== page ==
Will Universal Credit push 250,000 children into poverty?

15 March 2012

The papers were awash with statistics detailing the impact of the proposed Universal Credit on low-income families earlier this week.

One Guardian article headline read 'Universal credit will make 150,000 single parents worse off, study finds', while The Mirror plumped for the bigger figure on the number of children to be adversely affected by the introduction of Universal Credit 'Tories welfare trap for low-paid women: 250,000 more children to be pushed into poverty'.

The report, titled Ending Child Poverty, was released earlier in the week by Save the Children, who backed up their claims with further figures on the loss of welfare support to low income families.

According to the charity, a typical single parent with three children working full time on or around the minimum wage could be £3,500 per year (£68 a week) worse off under the Universal Credit system. A couple with three children where one parent works 24 hours a week and the other a few hours on low pay would lose as much as £1,800 a year (£35 a week).

With such significant sums of money at stake, Full Fact decided to find out how Save the Children arrived at these figures.

The report relies on the outcomes of the Department for Work and Pensions [DWP] Policy Simulation Model, based on the Family Resources Survey 2008/9. This allows for a comparison between household incomes under Universal Credit and under the benefit and tax credit system, projected forwards to 2014/15, when the new system will be fully implemented.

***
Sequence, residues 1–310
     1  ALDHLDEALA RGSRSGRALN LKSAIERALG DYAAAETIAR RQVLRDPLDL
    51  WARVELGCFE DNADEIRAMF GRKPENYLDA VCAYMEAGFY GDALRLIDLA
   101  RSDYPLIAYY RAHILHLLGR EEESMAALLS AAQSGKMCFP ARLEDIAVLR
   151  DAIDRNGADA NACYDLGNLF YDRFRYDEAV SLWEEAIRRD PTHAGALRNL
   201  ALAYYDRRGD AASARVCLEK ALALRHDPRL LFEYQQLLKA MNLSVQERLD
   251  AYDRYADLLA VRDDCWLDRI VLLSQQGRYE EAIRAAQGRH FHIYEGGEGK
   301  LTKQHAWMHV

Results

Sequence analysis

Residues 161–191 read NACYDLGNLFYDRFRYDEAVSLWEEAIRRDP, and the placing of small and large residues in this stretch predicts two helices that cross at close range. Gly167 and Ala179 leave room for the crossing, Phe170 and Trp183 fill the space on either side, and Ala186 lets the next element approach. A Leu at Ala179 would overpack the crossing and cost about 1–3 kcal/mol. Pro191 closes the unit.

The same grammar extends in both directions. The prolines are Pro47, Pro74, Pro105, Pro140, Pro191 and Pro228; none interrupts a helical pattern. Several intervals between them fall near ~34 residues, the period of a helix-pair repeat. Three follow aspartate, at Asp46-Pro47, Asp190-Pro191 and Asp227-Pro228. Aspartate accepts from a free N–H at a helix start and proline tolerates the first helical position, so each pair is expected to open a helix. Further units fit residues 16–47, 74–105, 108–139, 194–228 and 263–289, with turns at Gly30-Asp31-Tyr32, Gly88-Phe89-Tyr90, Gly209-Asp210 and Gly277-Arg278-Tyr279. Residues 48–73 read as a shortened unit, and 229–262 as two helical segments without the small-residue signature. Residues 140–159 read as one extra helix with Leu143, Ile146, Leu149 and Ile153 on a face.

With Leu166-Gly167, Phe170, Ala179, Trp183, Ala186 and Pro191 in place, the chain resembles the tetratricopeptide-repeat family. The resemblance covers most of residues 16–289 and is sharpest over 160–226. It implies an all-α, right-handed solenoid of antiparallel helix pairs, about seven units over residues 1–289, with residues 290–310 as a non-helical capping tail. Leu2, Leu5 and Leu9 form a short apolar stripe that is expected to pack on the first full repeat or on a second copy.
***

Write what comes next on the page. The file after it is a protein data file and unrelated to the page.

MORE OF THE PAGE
Although we cannot access the model itself, the projections can be found in the DWP Equality Impact Assessment from November 2011.

However, on reading the examples given in Save the Children's report, it seemed that some information needed to verify the difference in credits paid was missing. So we asked Save the Children for a breakdown of their calculations. The Poverty Policy Advisor who compiled the report said the equations incorporated figures from several sources:

  • the assumption of average childcare for pre-school children in 2011 [research in conjunction with the Daycare Trust rated this at between £94 and £97 a week per child]

  • the assumption of average housing costs [from government data on local authority rents; in 2011 average weekly UK rent was £65.06]

  • the Institute for Fiscal Studies TAXBEN model, which "calculates households' tax liabilities and benefit entitlements for each household under different tax and benefit systems"

Unfortunately, the current system is extremely complicated, so it is almost impossible to accurately work out the precise amount the case studies in the report receive in any given tax year.

Full Fact has asked for a full breakdown of the Save the Children figures. We are awaiting these details and will update when we have them.

CORRECTION: The modelling in Save the Children's data was not carried out by IFS. It was carried out by IPPR Trading Ltd on behalf of Save the Children between December 2011 and February 2012. Please see footnote 3 in the report.

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